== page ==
The call for ‘Chalo Dilli’ , a protest march to Jantar Mantar on 22 February, 2016 to honor Rohith Vermula’s death was given by BAPSA (Birsa Ambedkar Phule Students Association) and taken up by many who turned out in huge numbers from all walks of life. Here are some of their stories.
Arundhati, M.A. (Political Science), University of Hyderabad said, “We are over 145 students who have travelled from HCU for this march and it is great to see unity among different forces – 14 organizations are working with Joint Action Committee(JAC) – which clearly marks the importance of this tragedy in the history of India. This tragic incident has brought to light the attitude of the entire university apparatus – the way they withhold fellowships, the manner in which they acted post his suicide. It has opened a can of worms, we can see what this government is doing at all the other universities. The way forward is for the Left to reorganize its approach to include the Dalit movement.”
Artists Tapati and Chimuk, from Kolkata International Performance Arts Festival, had painted their faces black to emphasize that identity has multiple colors and that different voices bring different colors to a democracy. Chimuk said, “Black is the color of dissent, of race, and we are using it to protest caste-based discrimination. The way a media trial was conducted, it is easy to see they are not interested in educational reforms but in suppressing independent voices.”
Abhikoomi Purnima, Alpasankhyak Sangathan, Bhiku Sangh, said, “Our Constitution lays down basic values that we must follow but in caste-related incidents, these values never find space. The stress should be on humanity in our interactions with each other. The suppressed must be brought out.”
Adtiya, who runs his own NGO Satyasheel and was here as a citizen of India, said, “Rohith was a research scholar, by no means a small feat. Why was he driven to suicide? He read great thinkers like Ambedkar and Phule. What was it that led someone in company of such literature to think life was not enough?”
Sohail Hashmi, alumnus of JNU, now a documentary filmmaker, said, “Right from IIT-Madras to FTII to HCU, we have seen this government tacitly imposing its doctrine of uniformity on educational spaces. But I would like to focus on the positive. By engaging with JNU, they have messed with the wrong group. The students have burst the bubble of invincibility of this government and this movement is only going to become bigger. It is phenomenal that the Left, liberals and Dalits have come together to fight this oppression of students.”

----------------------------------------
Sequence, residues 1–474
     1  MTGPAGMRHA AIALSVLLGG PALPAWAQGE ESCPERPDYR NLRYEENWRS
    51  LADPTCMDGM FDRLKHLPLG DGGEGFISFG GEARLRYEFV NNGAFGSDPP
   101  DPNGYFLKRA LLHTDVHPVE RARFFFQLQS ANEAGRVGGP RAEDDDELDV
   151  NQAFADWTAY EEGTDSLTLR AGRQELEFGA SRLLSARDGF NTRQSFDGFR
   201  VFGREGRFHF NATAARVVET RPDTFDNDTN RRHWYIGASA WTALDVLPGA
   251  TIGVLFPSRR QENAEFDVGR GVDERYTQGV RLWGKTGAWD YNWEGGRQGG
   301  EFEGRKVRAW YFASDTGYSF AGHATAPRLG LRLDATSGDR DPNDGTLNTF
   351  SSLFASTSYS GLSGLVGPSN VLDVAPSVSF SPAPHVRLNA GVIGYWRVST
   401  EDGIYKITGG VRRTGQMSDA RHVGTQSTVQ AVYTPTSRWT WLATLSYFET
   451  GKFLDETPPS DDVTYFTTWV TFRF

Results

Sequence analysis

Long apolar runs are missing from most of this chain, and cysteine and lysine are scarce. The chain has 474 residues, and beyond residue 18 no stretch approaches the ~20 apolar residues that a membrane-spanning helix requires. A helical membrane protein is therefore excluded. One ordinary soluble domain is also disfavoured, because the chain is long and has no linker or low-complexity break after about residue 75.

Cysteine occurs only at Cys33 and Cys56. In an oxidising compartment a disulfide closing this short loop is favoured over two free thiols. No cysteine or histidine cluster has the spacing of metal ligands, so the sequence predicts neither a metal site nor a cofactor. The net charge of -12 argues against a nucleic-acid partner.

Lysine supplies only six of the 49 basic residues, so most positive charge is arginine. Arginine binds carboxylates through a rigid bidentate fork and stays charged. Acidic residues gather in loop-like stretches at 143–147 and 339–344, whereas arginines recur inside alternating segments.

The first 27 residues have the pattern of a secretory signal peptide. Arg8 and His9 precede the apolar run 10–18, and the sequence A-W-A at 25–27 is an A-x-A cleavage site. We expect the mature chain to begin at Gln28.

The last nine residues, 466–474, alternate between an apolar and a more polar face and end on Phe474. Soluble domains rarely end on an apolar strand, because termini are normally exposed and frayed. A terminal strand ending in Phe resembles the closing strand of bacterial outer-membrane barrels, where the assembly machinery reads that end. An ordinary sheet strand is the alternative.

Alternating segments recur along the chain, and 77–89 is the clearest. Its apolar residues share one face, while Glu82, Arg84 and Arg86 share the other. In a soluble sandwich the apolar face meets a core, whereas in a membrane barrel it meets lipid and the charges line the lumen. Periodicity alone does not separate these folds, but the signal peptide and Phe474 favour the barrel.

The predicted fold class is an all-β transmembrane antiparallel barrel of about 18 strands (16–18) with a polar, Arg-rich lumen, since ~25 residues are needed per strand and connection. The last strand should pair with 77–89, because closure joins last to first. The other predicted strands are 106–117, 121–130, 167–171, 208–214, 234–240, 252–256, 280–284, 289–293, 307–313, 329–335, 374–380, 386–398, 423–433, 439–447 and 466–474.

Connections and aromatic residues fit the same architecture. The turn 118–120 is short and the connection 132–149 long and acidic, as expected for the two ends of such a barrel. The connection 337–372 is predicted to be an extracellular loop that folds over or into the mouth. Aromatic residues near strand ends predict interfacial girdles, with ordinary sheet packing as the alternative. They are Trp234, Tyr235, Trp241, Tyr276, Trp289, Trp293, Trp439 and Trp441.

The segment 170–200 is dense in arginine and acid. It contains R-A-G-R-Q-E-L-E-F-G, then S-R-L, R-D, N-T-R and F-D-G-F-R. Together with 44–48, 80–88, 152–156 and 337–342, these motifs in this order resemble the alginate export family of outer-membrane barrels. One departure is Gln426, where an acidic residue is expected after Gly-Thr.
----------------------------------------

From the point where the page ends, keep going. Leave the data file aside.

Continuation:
There were also activists from ultra right-wing, Om ji, who said, “This nexus between the terrorists sitting inside JNU campus, ISI and CIA must be highlighted. The Vice Chancellor must rusticate all those involved in the event.”
Vijay Vardhan, PhD scholar, Ponidcherry University, said, “It is an educational Emergency—complete spoilage of educational system. Ever since reservations were enacted there has been an influx of students from different backgrounds. Now they cannot accept this change.” Showing us proof of being denied permission by the administration to protest Rohit’s death within the campus, he said, “This brahminical authority has to be challenged.”
Rajesh Anuragi, with his band Anuragi, was singing protest songs of their own composing on the streets when we caught up with them. He said, “This tag of anti-national is being given to all and sundry who dare to raise their voices (Rohit had also been labeled anti-national). It is easy to mobilize the masses by igniting feelings of patriotism when they run out of ideas. Media shows a story, and nobody bothers to research the matter any further. Each university has its ideology. Being a revolutionary is not easy, but this dictatorship is crushing all debate.” Speaking of his songs, he said, “Music does not see creed or caste. It brings people together. When we write songs, we want people to think over what we take to be the norm.”
Chinmaya, PhD scholar at Centre for Russian and Central Asian Studies, JNU and member, Central Committee, BAPSA felt there could have been a bigger turnout, but said that it is understandable under present circumstances that more students from JNU did not turn up. “The event was organized by JAC which has members from universities across Delhi, Hyderabad and Mumbai and it has been a success with a lot of Ambedkarite activists in attendance. However, the presence of NSUI and AAP has broken the systemized process to put forth our demands the way we had hoped,” he said. The demand is to have a structural mechanism in place in universities that allows redressing issues of caste-based discrimination being faced by students on campus. It will be based on Thorat Committee Recommendation, 2007.
Supriya Joshi is an MA student at CPS and contributed these photos.
Mansi Singh is an MA student at CPS and works for the Arts & Culture Pool of The Informer.